Investment in research and development by Connecticut companies dropped 2 percent in 2009, mirroring a troubling national trend and hindering future state economic growth.
Eight of the 10 major companies in Connecticut reduced their R&D spending in 2009, dropping the total from $6.73 billion to $6.59 billion over one year, according to a recently released report that listed R&D spending by the top 1,000 global companies. The Connecticut figures represent total spending worldwide by companies headquartered in this state, not necessarily R&D spending inside Connecticut.
Total spending by the 1,000 companies worldwide dropped 3.5 percent, the first decrease in the 13-year history of the study. The troubling figures were reflected in Connecticut’s number, which had shown R&D spending increasing steadily since 2004.
Even though the compound annual growth rate in R&D spending in Connecticut rose 2.7 percent over the previous five years, that’s still less than inflation, meaning R&D decreased steadily over the past half decade at least.
“If we are to be more serious about creating job growth,” said Jeffrey Feingold, Managing Partner of Tax Point Advisors, the leading national consulting firm specializing in assisting CPA’s and their clients in claiming the U.S. R&D tax credit and similar state credits, ”we need to address the diminishing expenditures in U.S.-based research and development. Among other steps, Congress and the President must immediately extend the Federal R&D credit, which expired in December of last year. The credit puts cash back into the coffers of companies developing new and improved products and processes, buying equipment, expanding facilities – and hiring workers. And, while many of those companies are in Fortune 1000, approximately 25-35% are small to mid-size companies, often employing 100 or fewer staff. These smaller firms typically account for about 70% of total U.S. employment, and an even higher number of new job creation during periods of economic recovery and growth. And many of these firms, such as fabricators, box manufacturers, mold makers, tool and die shops, food processes and product developers, all manner of firms with staff engineers, etc., have no idea that they qualify now for both the Federal and for many state R&D tax credits.”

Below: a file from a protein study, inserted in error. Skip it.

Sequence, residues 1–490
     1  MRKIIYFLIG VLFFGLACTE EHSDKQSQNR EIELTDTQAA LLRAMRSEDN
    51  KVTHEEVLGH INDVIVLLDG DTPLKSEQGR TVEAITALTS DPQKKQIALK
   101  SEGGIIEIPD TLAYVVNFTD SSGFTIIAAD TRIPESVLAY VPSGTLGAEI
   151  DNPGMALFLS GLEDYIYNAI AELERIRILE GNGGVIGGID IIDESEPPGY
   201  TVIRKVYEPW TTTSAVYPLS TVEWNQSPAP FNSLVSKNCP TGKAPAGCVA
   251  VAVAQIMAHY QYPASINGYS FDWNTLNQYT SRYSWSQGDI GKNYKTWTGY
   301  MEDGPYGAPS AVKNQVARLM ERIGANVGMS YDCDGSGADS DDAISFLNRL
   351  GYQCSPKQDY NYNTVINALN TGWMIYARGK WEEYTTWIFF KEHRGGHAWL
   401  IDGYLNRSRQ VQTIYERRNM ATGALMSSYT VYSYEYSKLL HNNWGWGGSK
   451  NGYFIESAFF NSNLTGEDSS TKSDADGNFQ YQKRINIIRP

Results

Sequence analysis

Tax Point Advisors’ research experts believe that the Federal R&D tax credit, though expired as of 12/31/2009, will be renewed by Congress by next month. “An immediate renewal would be very helpful,” said Feingold, “still, the credit should now be made a permanent part of the tax code, rather than Congress just extending it temporarily as they have in year past.” In addition, Feingold added, “companies should consider the value of state R&D tax credit and related programs. Of the $16b in R&D tax credits claimed annually in the U.S., about half are for state programs.”
To spur R&D investment, CT state legislators have proposed letting companies cash in their R&D tax credits to build new facilities in Connecticut. With more than $1 billion in unused tax credits among the various industries, the Connecticut Center for Economic Analysis estimates the proposal would result in 4 million square feet of new facilities and 40,000 new jobs in the state.
About Tax Point Advisors (TPA)
Tax Point Advisors (taxpointadvisors.com) is the nation's premier provider of research and development tax credit studies. The firm comprises a trusted team of former Big4 accountants, engineers, and business advisors providing the highest degree of professional service. With offices across the United States, TPA assists CPA's and their clients in identifying and capturing their maximum Federal research & development tax credits, as well as state R&D tax credits.